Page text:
Getting every team member on the same page can be overwhelming. Setting individual and team goals that are tied to strategic organizational initiatives can help you create team alignment. CPED’s Senior Director of Client Experience Helen Brausen shared a helpful process for setting goals that will help your team develop individual and team goals in a way that supports the organization’s strategic objectives. Watch the 10-minute webinar Getting the Most from Your Team: Setting Individual and Team Goals for additional goal setting recommendations and check out the highlights below.
As a manager, you’re working to develop skills and capabilities for the individuals on your team and your team overall. Everyone brings different skills and experiences to their role, and likely has different career goals and development needs. Your role as a manager is to figure out how to bring their individual skills together to form an optimal team. Ideally, when you bring individuals together their differences will balance the team and complement each other’s skills.
Developing goals starts with your overall company goals. Each company goal represents a piece of a larger puzzle that will be broken down into smaller pieces and assigned to the team you manage, which is ultimately broken down further to be given to the individuals on your team. Team goals need to be based on company goals that your team can uniquely accomplish together. If you’re launching a new service within the next year, set goals for what your team needs to do in order to accomplish those goals. As the team manager, you should establish the larger team goals that will keep the team aligned. After that, you can begin to outline how each individual will work toward those goals. In the book Alignment, Process, and Relationships, Steve King recommends managers talk with external and internal stakeholders to determine the requirements of the team, including larger organizational objectives to begin developing team goals.
Think about individual goals in three main categories: personal, operational, and stretch. In a goal-setting conversation, invite employees to establish the goals themselves since they will own the actual execution of them.
The SMART goal framework is a great place to start forming individual goals. SMART stands for specific, measurable, attainable, relevant, and time based. Within the individual goals, you can break those tasks down using the SMART methodology. Together, you’ll discuss the individual tasks, deadlines, and expectations for each goal.
Specific – What am I responsible for?
Measurable – How will I be measured?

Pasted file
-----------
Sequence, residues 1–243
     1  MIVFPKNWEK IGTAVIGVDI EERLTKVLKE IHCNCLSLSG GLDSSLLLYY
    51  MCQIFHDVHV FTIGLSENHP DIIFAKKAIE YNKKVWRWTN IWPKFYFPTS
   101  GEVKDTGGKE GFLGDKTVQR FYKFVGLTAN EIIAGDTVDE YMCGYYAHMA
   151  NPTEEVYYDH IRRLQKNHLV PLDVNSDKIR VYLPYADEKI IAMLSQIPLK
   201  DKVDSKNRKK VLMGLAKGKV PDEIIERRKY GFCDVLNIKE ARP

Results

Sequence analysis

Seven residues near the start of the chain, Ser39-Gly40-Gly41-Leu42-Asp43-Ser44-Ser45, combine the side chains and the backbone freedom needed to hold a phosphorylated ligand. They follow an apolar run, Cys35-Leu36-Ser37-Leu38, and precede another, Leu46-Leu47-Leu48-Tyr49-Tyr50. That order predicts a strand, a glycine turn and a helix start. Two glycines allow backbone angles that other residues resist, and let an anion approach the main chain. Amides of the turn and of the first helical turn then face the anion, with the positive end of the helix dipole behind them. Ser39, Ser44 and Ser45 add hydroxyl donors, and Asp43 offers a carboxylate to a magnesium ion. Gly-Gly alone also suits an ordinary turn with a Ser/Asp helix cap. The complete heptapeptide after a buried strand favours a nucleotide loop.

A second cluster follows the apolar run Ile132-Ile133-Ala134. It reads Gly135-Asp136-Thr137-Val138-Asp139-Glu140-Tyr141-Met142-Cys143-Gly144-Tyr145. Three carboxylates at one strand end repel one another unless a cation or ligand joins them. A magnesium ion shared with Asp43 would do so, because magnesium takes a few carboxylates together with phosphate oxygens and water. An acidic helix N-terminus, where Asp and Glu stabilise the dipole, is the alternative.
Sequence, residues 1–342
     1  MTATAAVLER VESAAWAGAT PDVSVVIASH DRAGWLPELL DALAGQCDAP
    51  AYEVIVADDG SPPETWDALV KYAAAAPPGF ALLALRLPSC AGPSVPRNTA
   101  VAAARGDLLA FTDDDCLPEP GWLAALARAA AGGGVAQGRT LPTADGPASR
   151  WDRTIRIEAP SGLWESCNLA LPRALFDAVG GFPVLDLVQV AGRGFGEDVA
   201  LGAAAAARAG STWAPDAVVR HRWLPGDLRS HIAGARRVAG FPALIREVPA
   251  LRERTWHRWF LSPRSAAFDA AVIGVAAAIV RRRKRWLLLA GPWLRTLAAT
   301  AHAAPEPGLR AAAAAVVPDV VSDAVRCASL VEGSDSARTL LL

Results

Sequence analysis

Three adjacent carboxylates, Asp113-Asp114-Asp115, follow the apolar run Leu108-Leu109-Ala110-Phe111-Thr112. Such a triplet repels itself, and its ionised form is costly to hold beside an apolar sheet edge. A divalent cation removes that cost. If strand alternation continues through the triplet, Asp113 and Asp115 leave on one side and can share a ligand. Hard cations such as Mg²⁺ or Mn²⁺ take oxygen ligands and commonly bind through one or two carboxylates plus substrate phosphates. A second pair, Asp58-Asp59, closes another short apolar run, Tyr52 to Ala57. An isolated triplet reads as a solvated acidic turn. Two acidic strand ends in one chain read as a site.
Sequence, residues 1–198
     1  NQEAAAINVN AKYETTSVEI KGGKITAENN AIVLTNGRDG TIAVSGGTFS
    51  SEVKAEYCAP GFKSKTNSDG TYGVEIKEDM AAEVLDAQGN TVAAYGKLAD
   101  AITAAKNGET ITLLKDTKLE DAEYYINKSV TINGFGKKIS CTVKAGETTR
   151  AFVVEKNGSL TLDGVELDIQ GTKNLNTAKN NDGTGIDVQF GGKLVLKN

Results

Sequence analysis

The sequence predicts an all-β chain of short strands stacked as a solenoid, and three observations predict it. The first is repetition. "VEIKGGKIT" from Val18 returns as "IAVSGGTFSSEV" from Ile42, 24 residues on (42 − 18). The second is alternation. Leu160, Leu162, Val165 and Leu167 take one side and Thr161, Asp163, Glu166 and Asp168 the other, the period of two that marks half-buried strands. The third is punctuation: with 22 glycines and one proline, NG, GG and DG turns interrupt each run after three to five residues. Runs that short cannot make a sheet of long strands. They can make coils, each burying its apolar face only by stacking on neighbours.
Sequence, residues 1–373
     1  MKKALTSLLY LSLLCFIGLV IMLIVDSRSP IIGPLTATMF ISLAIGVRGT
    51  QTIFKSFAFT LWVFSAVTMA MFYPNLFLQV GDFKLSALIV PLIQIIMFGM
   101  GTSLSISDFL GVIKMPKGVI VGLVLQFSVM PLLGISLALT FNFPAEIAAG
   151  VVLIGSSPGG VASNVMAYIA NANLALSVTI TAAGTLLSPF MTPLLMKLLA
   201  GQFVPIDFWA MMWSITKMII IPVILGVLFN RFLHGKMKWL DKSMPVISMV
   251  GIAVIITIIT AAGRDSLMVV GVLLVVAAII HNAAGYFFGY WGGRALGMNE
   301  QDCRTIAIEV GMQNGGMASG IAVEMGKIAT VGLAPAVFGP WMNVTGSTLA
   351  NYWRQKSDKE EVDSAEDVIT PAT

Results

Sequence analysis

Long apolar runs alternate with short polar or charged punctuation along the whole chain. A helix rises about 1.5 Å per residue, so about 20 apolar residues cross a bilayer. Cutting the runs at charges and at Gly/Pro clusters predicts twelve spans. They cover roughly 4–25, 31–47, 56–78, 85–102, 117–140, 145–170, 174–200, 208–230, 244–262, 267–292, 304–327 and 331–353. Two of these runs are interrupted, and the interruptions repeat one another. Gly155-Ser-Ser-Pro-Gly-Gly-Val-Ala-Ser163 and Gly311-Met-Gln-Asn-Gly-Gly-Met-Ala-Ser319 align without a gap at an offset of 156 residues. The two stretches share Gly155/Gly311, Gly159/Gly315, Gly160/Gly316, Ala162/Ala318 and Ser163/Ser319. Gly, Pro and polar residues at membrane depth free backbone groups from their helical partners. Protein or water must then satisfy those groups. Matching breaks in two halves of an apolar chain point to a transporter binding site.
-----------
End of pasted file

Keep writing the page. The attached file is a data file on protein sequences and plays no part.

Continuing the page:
Attainable – Do I have the capacity and resources I need?
Relevant – How does this meet a business need, fit with my role, and help my development?
Time Based – What is my deadline?
Personal goals are areas an employee would like to focus on for their own professional growth and development. Allowing employees to develop their skills in a way that is tied it to company goals will strengthen the team. This promotes employee retention and puts value on individual development and business productivity.
An example of a personal goal would be to complete a leadership certificate within one year, so they are prepared to move into a leadership role.
Since you’re already outlined the team goals, you can begin to determine the specific actions and tasks employees will have ownership of within those larger team goals. This does not exclude working with others to achieve these goals. It simply clarifies what they are responsible for personally. Engage with other team members to accomplish actions, tasks, and ultimately, the overall goal.
Think back to our example of a company launching a new service. If your team is responsible for delivering that new service, an individual operational goal might be to compile a list of all resources needed to deliver that service and have it ready for the team by January 1. While they may have to work with other team members to collect that information, they are ultimately responsible for making sure the task is completed by January 1.
Stretch goals should have the right amount of risk that they will require the application of a new skill, tool, or process, and a little extra effort. Training opportunities and further professional development also make great stretch goal option as that often aligns with personal goals but might need a little more time to complete.
A stretch goal for a member on the service delivery team might be to select a new project management system and evaluate if it would create any additional efficiencies for the team. That goal could then be broken down into tasks using the SMART framework that may include researching three different project management systems by a specific date.
The SMART methodology can help managers structure and organize goals in a way that allows them to be completed more effectively while dramatically improving team performance by. If you’re interested in continuing to learn more about how to align the individuals on your team, we invite you to join us for Managing Teams Effectively, an interactive program that will help you clarify team processes.